By Prudence Ho
HONG KONG—Fund managers see the initial public offering of AIA Group Ltd., the pan-Asian life-insurance unit of American International Group /zigman2/quotes/203700638/composite AIG +2.23% Inc., as fairly priced, with the uniqueness of the insurer adding to the allure of the deal.
But fund managers expressed concerns that the U.S. government's intention to sell its entire stake in AIG represents an overhang on AIA's share prices, as does the fact that a quarter of AIA's premium income comes from mature markets such as Hong Kong.
AIA kicked off investor presentations Tuesday for its IPO, which aims to raise between US$13.9 billion and US$14.9 billion, amid a flurry of requests for shares from institutional investors, people familiar with the matter said, helping offset earlier lackluster interest from tycoons and sovereign-wealth funds.
Its shares are on sale at 18.38 to 19.68 Hong Kong dollars (US$2.37 to US$2.54) each, equivalent to 1.23 to 1.32 times the 2010 embedded value of the insurer, according to a term sheet seen by Dow Jones Newswires. Embedded value represents the future profits an insurer's existing life-insurance policies are expected to generate.
"Given the uniqueness of [the] AIA franchise, the IPO price range is in keeping with the company's fair value," said Alex Au , managing director of Richland Capital Management Ltd, a US$300 million pan-Asian hedge fund.
"There isn't a directly comparable listed peer to AIA, as its presence is throughout Asia; China itself accounts for a small portion of its businesses, so it can't be compared with Hong Kong-listed Chinese insurers," said Mr. Au, adding that he is subscribing to the IPO.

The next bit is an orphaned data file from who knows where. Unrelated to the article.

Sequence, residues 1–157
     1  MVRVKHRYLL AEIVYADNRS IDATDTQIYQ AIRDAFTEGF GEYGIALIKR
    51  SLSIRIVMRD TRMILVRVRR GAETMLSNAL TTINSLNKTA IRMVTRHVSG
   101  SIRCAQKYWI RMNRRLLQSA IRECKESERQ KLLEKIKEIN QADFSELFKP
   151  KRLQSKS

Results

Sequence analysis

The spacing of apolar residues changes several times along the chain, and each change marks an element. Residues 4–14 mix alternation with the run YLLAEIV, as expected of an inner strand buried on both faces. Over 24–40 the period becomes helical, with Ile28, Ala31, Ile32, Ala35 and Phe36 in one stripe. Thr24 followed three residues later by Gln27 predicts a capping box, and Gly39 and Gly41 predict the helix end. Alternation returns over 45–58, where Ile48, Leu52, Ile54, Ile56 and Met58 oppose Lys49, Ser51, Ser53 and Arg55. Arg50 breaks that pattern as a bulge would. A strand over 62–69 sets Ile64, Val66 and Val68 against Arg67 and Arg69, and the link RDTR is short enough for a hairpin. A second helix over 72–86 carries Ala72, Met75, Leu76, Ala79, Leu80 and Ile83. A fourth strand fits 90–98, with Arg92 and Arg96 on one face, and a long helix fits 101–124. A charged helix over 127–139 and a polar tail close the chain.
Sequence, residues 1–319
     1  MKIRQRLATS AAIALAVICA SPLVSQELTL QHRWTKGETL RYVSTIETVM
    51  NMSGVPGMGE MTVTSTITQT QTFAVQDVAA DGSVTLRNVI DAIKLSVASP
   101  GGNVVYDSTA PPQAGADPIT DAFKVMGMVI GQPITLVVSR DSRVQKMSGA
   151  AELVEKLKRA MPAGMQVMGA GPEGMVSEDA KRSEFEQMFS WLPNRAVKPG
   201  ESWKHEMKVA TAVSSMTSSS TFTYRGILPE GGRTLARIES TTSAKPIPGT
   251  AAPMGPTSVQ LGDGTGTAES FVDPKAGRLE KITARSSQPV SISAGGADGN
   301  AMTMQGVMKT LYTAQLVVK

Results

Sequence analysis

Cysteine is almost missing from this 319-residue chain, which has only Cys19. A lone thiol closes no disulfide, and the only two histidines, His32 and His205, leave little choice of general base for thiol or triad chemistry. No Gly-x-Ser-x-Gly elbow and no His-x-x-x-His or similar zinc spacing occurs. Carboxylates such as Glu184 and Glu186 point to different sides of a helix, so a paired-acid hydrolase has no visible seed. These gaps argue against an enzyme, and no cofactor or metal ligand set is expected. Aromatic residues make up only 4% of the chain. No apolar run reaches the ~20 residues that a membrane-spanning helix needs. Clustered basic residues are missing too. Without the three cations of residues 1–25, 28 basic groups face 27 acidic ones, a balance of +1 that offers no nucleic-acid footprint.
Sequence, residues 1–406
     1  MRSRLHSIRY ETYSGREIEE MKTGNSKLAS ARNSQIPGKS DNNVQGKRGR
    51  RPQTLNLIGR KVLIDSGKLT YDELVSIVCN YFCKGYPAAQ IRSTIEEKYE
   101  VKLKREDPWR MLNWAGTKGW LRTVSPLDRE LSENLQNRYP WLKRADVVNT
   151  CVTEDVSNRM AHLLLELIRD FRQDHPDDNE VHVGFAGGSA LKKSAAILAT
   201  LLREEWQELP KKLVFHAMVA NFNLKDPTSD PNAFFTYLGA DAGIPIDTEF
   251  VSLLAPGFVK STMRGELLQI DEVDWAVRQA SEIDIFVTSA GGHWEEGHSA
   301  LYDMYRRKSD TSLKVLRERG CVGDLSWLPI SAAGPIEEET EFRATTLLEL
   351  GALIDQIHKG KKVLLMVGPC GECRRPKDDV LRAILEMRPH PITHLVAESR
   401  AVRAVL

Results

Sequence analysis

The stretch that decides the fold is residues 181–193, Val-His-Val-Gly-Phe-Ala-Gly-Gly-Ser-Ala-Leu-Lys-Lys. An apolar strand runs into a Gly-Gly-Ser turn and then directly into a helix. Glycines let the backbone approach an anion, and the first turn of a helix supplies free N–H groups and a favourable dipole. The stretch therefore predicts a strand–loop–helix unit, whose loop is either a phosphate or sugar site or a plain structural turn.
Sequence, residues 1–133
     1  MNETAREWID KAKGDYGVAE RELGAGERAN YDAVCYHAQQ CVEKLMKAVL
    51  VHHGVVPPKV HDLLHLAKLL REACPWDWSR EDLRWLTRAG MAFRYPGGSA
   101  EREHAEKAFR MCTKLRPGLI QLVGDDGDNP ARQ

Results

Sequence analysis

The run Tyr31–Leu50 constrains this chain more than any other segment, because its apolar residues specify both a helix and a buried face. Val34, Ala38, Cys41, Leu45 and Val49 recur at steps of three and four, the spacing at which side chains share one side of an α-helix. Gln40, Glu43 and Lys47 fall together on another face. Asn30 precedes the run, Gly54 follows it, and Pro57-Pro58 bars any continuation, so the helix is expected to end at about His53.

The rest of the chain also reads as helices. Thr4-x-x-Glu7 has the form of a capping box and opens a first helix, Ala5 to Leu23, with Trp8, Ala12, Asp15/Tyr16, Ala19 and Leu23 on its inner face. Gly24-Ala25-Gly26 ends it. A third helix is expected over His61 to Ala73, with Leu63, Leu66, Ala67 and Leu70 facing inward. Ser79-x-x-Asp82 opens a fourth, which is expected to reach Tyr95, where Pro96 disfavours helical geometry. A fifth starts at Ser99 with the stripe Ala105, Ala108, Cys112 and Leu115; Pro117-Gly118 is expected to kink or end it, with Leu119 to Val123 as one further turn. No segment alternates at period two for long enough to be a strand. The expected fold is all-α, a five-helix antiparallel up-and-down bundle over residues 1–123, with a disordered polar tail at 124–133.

AIA, which has a presence in 15 markets in the region, is the only foreign insurer allowed to have a fully owned entity in China, but that country accounts for just 5% of the insurer's 2009 pretax operating profit, according to its listing prospectus.
China Life Insurance Co. /zigman2/quotes/202359856/delayed HK:2628 +0.82% Ltd., the country's biggest life insurer by premiums, trades at 3.3 times its estimated 2010 embedded value, according to a person at one of the bookrunners on the deal, while No. 2 insurer Ping An Insurance (Group) Co. of China /zigman2/quotes/210315058/delayed HK:2318 -0.31% Ltd. trades at 3.4 times.
The two insurers fund managers say the closest comparisons to AIA are U.K. insurer Prudential PLC /zigman2/quotes/205760760/composite PUK +1.17% , which made a failed US$35.5 billion bid earlier this year for the AIG unit, and Australian wealth manager AXA Asia Pacific Holdings Ltd.
AIA's IPO range of 1.23 to 1.32 times 2010 embedded value still exceeds that of Prudential's Asian businesses, estimated at 1.2 times the U.K. insurer's 2010 embedded value, according to a Bank of America Merrill Lynch research report dated Sept. 28. Prudential's bid for AIA was valued at 1.7 times the target's embedded value.
AXA Asia Pacific, which is mainly focused on Australia, New Zealand and Hong Kong, trades at 1.2 times its forecast 2010 embedded value.
On the whole, fund managers said AIA's IPO has been priced fairly, if not cheaply, but said an overarching concern about the deal is the U.S. government's goal to exit AIG as soon as possible.
Last week, AIG and the U.S. government agreed on an exit strategy that would repay what AIG owes the Federal Reserve Bank of New York by early 2011 and let the Treasury Department take steps to start selling its majority ownership in AIG.
AIA's strength in mature markets like Hong Kong also worried a few investors. Hong Kong alone accounted for 25% its total weighted premium income in its 2009 fiscal year, according to its listing prospectus. It also dominates a few key markets; according to its listing prospectus, its share of life-insurance premiums is 35.6% in Thailand, 24.9% in Singapore, and 15.9% in Hong Kong.
Despite the concerns, by midday Tuesday, demand from investors already equaled the number of shares being offered, people familiar with the situation said.